Aaron was practicing on a local motocross track in Simi Valley, CA in preparation for the AMA National Motocross Series. On the approach to the largest jump on the track, Aaron's bike mal-functioned, causing him to lose valuable speed at the most crucial part of the launch. As a result, Aaron was flung over the front of the motorcycle while still airborn. Aaron impacted the ground headfirst, breaking cervical vertebrae 4, 6, and completely shattering the 5th cervical vertebra. Aaron lay motionless but conscious on the race track. Friends and onlookers immediately rushed to Aaron's aid. Aaron instructed them not to touch him but rather call for paramedics to get a Medi-flight helicopter. Upon arrival of the paramedic team, Aaron told them not to remove his helmet, as he knew his neck had been broken. He was then flown to Los Robles Regional Hospital, Thousand Oaks, CA. where a team of neurosurgeons, headed by Dr. John Lee, fused the broken vertebrae with a titanium plate and 5 screws. Dr. Lee's prognosis was that Aaron would have a "one in a million" chance of ever regaining any type of function. Aaron remained in acute care for one month having experienced respiratory failure and other serious complications. Once the medical complications stabilized, Aaron was transferred to Northridge Hospital Medical Center where he began the process of rehabilitation.
Northridge Hospital Rehabilitation Unit - Aaron was evaluated by Dr. Thomas Hedge. Aaron was then assigned to physical therapist, Roger Rich and occupational therapist, Michelle Hardy. Said Roger, "I found a skinny, 20 year old, lying supine in bed, in a rigid neck brace who could not move one muscle below his shoulders, save for a flicker in his left big toe and who could not move himself one millimeter in any direction. I took what seemed like so little at first glance as hopeful because the flicker in his toe was accompanied by scattered sensation throughout his body below his injury level. Not many others, however, saw much to give them hope, including his doctor".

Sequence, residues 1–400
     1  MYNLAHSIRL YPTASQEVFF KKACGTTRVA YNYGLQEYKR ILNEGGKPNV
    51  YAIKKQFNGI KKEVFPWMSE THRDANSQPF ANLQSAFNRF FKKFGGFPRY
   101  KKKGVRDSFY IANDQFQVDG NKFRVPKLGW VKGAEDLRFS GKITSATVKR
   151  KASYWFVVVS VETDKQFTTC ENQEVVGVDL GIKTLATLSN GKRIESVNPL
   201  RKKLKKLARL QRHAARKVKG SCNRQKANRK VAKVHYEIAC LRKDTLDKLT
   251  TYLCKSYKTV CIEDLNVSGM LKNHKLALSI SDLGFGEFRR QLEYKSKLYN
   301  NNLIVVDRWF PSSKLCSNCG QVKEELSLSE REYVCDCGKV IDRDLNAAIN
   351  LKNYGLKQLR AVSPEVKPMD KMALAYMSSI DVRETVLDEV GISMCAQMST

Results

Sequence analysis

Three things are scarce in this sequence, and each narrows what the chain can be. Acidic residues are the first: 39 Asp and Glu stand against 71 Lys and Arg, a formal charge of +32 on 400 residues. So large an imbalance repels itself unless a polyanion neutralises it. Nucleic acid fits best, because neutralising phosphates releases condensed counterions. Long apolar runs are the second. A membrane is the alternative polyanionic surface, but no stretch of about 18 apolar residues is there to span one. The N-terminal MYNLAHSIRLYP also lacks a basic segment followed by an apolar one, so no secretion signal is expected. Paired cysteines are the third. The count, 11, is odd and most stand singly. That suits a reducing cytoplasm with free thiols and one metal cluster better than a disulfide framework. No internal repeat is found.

With the grim prognosis unknown to Aaron, he attacked his therapy sessions with a single-minded determination. Aaron utilized the powers of visualization, meditation, and positive outcome thinking to induce Mind over Matter. A key element to Aaron's success is the intimate involvement of his family and friends. Aaron's mother, Laquita, lived in the hospital with him, becoming his arms, hands, and legs, removing small frustrations. Aaron's father, Dan, provided further security by maintaining life outside the hospital. This gave Aaron the opportunity to focus his energy into his therapy sessions, working for return of function, rather than learning adaptive skills. The minute muscular impulses gradually became muscle movement. The tedious, repetitive motion helped turn Aaron's impeded neuro-pathways into super neuro-highways (Neuroplasticity). Aaron was an in-patient for 5 months and continued therapy at Northridge as an out-patient for 7 months. Although still highly impared and confined to an electric wheelchair, on the first year post injury anniversary, the insurance company deemed Aaron rehabilitated, releasing him from any further therapy. However, Aaron knew that his body was just beginning to respond. Incredibly dark days ensued. Aaron needed proper guidance and specialized therapy to meet the functional goals he knew were possible. But where and how was this to be accomplished.....